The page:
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Ginninderra Creek
Lake Ginninderra 1.jpg
Ginninderra Creek, impounded at Lake Ginninderra, 2011
Other name(s) Ginninderry Creek, Ginninginninderry Creek, Gingininderra Creek
Country Australia
State/Territory
IBRA South Eastern Highlands
District Capital Country
Town centres
Physical characteristics
Main source Spring Range
north-east of Hall, ACT
599 m (1,965 ft)
River mouth confluence with Murrumbidgee River
Ginninderra Gorge, Yass Valley, NSW
430 m (1,410 ft)
Length 23 km (14 mi)
Basin features
River system Murrumbidgee River, Murray–Darling basin
Reservoirs Gungahlin Pond, Lake Ginninderra

Ginninderra Creek, a partly perennial stream of the Murrumbidgee catchment within the Murray-Darling basin, is located in the Capital Country region spanning both the Australian Capital Territory and New South Wales, Australia.

Ginninderra is derived from the Aboriginal word, meaning "sparkling" or "throwing little rays of light". The traditional custodians of the land surrounding Ginninderra Creek are the Aboriginal people of the Ngunnawal tribe.

Course

Ginninderra Creek rises on the northern border between the Australian Capital Territory (ACT) and New South Wales (NSW), sourced from the Spring Range, located north-east of Hall. The creek flows generally south-west across the Ginninderra Plain, through the Gungahlin and Belconnen regions in Canberra, and then heads west crossing the western border between the ACT and flowing into NSW, towards its confluence with the Murrumbidgee River. The creek descends 168 metres (551 ft) over its 23 kilometres (14 mi) course.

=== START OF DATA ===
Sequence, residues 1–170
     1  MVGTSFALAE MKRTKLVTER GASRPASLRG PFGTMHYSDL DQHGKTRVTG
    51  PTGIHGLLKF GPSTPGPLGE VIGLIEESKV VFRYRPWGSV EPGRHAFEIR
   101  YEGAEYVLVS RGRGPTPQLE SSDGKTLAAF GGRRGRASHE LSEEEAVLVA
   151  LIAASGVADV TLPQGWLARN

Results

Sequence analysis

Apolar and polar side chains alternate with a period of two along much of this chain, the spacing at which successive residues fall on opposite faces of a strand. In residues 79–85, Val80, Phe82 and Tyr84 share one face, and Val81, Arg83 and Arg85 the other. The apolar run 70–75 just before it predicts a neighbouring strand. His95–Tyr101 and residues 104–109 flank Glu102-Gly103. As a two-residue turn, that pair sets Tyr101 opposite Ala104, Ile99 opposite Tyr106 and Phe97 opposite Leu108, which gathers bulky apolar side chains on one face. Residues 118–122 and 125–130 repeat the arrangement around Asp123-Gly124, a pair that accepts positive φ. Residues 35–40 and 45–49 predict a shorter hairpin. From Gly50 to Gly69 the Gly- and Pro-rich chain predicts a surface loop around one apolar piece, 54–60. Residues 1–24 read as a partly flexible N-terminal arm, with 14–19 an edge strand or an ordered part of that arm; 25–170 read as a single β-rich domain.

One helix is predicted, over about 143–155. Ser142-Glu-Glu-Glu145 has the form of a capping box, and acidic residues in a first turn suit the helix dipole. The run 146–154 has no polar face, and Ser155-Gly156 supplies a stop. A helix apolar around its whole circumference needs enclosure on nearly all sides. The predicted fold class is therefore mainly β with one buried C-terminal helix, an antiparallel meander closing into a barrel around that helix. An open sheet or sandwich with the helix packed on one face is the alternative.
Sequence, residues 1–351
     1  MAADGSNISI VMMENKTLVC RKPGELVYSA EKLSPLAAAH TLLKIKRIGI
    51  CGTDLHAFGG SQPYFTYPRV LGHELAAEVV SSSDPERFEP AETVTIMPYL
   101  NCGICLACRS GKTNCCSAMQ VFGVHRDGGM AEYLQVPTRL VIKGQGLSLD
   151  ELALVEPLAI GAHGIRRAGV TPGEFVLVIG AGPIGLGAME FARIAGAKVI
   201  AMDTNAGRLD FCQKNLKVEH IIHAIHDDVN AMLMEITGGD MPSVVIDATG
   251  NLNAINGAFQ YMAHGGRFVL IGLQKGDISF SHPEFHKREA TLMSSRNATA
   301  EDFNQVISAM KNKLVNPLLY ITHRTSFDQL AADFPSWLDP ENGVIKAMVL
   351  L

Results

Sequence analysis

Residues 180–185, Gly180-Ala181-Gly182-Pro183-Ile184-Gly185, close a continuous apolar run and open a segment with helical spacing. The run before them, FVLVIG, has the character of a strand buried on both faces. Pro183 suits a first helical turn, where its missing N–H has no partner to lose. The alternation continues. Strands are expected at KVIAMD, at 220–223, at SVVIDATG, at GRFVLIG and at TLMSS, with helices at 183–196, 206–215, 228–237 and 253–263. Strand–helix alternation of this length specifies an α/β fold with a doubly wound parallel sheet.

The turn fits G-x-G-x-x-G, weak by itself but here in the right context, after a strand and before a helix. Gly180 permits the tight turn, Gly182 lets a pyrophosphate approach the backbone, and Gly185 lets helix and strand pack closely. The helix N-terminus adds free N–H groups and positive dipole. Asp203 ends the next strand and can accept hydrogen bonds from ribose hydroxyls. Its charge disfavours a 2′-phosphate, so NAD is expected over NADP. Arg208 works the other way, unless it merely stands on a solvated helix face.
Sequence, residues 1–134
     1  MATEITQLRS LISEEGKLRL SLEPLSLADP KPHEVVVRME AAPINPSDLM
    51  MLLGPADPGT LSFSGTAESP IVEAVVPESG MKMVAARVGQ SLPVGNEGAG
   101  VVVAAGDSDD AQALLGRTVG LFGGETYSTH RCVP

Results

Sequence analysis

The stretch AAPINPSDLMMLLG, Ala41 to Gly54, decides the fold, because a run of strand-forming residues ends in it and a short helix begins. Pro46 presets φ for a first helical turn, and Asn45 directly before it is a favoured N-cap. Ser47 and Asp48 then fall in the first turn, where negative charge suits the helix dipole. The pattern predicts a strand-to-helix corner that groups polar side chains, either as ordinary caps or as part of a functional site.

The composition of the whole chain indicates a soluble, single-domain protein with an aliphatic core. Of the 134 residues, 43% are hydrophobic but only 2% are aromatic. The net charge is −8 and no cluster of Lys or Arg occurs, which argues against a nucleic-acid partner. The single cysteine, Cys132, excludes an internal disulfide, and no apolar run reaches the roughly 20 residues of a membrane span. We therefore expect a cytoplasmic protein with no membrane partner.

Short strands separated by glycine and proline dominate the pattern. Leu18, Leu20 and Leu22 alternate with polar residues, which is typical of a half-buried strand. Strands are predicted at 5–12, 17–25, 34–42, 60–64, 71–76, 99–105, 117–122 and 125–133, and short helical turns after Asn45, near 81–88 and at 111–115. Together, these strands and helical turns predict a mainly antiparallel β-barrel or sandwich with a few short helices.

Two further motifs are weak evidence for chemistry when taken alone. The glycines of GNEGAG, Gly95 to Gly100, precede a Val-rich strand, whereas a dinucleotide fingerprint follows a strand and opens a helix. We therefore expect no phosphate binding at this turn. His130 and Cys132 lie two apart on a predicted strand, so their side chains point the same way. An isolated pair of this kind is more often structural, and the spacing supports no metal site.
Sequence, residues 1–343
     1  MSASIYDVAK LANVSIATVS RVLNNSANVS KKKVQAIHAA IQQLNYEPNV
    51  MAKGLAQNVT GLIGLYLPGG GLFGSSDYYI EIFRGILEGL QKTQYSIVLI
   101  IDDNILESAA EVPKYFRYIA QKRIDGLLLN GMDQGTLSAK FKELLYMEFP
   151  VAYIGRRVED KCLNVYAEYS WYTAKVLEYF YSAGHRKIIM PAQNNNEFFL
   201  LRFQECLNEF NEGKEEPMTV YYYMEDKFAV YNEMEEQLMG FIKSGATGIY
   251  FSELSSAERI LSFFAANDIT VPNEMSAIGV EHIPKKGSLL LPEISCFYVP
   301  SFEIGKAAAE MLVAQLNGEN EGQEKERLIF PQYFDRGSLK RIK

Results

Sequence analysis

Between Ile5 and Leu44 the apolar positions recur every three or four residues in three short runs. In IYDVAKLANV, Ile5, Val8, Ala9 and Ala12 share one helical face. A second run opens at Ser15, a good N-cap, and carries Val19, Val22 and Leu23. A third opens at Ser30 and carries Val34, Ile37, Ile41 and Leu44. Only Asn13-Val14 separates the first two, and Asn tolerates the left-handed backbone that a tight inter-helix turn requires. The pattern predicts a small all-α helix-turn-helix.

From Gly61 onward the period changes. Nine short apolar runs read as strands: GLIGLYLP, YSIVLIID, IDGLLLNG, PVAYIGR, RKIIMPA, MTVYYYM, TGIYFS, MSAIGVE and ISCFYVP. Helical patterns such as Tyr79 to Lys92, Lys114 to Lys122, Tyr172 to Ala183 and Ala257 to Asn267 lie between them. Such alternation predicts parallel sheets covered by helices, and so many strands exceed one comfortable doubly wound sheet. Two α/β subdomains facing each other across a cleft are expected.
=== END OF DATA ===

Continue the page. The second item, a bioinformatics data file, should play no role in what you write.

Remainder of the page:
Ginninderra Creek is impounded by Gungahlin Pond and Lake Ginninderra, a man-made lake that was constructed in 1974 to act as a sedimentation pond. The creek flows over the Ginninderra Falls, descending 41 metres (135 ft), and through Ginninderra Gorge, to its confluence with the Murrumbidgee River.

The catchment of Ginninderra Creek covers approximately 32,000 hectares (79,000 acres).

The Ginninderra Creek catchment carries approximately a quarter of Canberra's urban runoff, and there is considerable risk of runoff from urban areas harming aquatic ecosystems in the Murrumbidgee River system.

Recreation

Ginninderra Falls was a popular scenic tourist destination, opened initially as a private tourist park from the late 1990s. John Gale argued that the Ginninderra Falls were so pretty that Canberra should be chosen as the capital city of Australia, rather than the proposal to choose Dalgety as the location for the national capital. From mid-2011 onwards, advocacy began for the establishment of a national park containing the Ginninderra Falls, comprising 900 hectares (2,200 acres) and covering both ACT and NSW, inclusive of the existing 200 hectares (490 acres) Woodstock Nature Reserve in the ACT.

Coordinates: 35°13′S 149°3′E / 35.217°S 149.050°E / -35.217; 149.050

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